Glen Mhor 1895 North British & Mercantile Insurance Company


The document's title is grand, and its content has deteriorated somewhat. Despite this, it still maintains a sense of significance. 

Fire was a significant and constant threat to any distillery. The Scotch whisky annuals contain numerous entries regarding fires, from the unfortunate events at Banff to more recent incidents at Talisker. Fire should be both feared and respected. 

This document was one of many purchased for this research project thanks to the generosity of individuals whom I may never meet in person. Their assistance has ensured that these documents will be evaluated and added to this collection, as well as viewed in person. My thanks to each and every one of them is a constant.

This document may be the first or second fire insurance document for Glen Mhor distillery. It is officially known that production began on December 8th, 1894. The distillery was operational a few months prior to this date. It is unclear whether Mackinlay & Birnie had insurance for their distillery prior to the signing of this document on 19th April 1895, and stamped as approved on the 25th. Alternatively, they may have only obtained insurance once a significant number of casks were filled and stored on site. Potentially, as in 1894 a name was still not decided upon, a more 'distillery Inverness' policy was taken out prior to an official naming.

The policy does not have a specific end date, but it can be renewed each year by the 15th of May. The insurance arrangement had a maximum pay out of £2000, which is equivalent to approximately £324,000 in today's currency.

As with all insurance documents, attention to detail is crucial. Upon further examination of the original statement, its purpose becomes clearer:

'stock in trade including casks the property of the insured or held by them in trust or on commission for which they are responsible in no case including the market value of the same immediately and prior to the fire in Duty Free Warehouse initiated detached from above Distillery and marked 100 yards? sketch lodged with this office.'

So, this document does not relate to the buildings themselves, which underlines there must already be separate cover in place for that purpose. Instead, this policy is for the casks held in the Duty Free Warehouse. This correlates perfectly with what we know what was happening on site at Glen Mhor.

Plans were being made to expand the only warehouse on site in November 1895. The original warehouse was to be extended from 200ft to 315ft, making it the largest warehouse on the site (known as warehouse 1 and 2). This imposing warehouse, would be the largest on the southern edge of the site. 

Here we can see the cause and effect of increased production and the resulting demand for Glen Mhor. Mackinlay & Birnie had already advertised Glen Mhor as an exceptional prospect to fill orders. 

The outer folds offer additional information. The document is marked as 'cancelled' and 'No.19a nb Insurance Ltd', which is part of the Glen Mhor filing system that is becoming more prevalent in these items. There's also an added note in the top left of what must have been the original outer facing page, simply as 'whisky stock'.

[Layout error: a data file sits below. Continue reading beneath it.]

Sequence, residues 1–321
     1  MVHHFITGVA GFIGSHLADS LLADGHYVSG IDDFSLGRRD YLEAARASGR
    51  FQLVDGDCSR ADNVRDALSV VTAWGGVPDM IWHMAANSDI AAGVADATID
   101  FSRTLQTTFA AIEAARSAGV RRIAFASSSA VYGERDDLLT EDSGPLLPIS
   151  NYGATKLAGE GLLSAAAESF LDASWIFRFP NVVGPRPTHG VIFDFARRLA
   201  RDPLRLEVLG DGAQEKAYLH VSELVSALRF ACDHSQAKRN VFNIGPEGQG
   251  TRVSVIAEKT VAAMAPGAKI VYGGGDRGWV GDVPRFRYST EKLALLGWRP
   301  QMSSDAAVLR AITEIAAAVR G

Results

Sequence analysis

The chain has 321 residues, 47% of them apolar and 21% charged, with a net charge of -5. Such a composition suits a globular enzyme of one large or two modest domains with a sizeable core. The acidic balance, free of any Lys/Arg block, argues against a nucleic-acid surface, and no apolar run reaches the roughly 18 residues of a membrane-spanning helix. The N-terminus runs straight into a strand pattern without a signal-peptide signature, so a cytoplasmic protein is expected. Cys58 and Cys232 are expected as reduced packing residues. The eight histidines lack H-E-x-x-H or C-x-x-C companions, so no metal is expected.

On 6th May 1897, there is a handwritten entry from a representative of the Union Street, Inverness branch of the insurer. The entry reads as follows:

'It is hereby enclosed that the insurance by this Policy shall now cover stock in trade including casks ???? and other ???? in within mentioned Warehouse No.17 on sketch and the two new extensions attached, all under one roof or communicating and marked nos 17a + 17b. The cubical contents the combined Warehouses do not exceed 300,000 feet.'

It is revealing that the policy was still in effect in 1897 and had been amended to include the continued focus on building new warehouses at Glen Mhor. These would be positioned along the eastern edge of the site, next to the football ground. The insurer is using the Cubical Content Method to determine the cost of the structure. It is important to note that no warehouse at Glen Mhor could be 300,000 feet in length. It is a method commonly used for buildings that have additional levels and is considered accurate.

The reference to number 17 is also of interest, as Glen Mhor did not have 17 warehouses, and never would. Additionally, this document predates the ownership of Glen Albyn distillery by 25 years, so that's a non-starter. I would offer that it is reasonable to assume that this insurer possessed other documentation and policies relating to Glen Mhor (and possibly the blending business of the Mackinlay's), which are currently unavailable, that pertain to the buildings located on the site. It is reasonable to expect that a detailed map of the site, with each area numbered, would have been stored in the event of a claim. 

In January 1897, it was reported in the press that a new bonded warehouse, along with housing for workers, was being considered for Glen Mhor at a cost of £1700. Based on the detailed plans of the site, I can confirm that at the time of this 1898 planning application for a new warehouse along the stadium boundary, it was essentially warehouse no.5. The construction dates of warehouses 3 and 4 remain somewhat mysterious, although I speculated in the prior article and, for once, this insurance document confirms my hypothesis.

It is probable that, at the time of this amendment, the stocks were due to moving into these new buildings and require policy inclusion. Therefore, two new extensions were being added to the original warehouse and near completion in May 1897.

This insurance company has long ceased trading, but its records may be held in the Aviva Archives. I have contacted their archivists to inquire about any documentation that could assist this research, so hopefully new avenues await.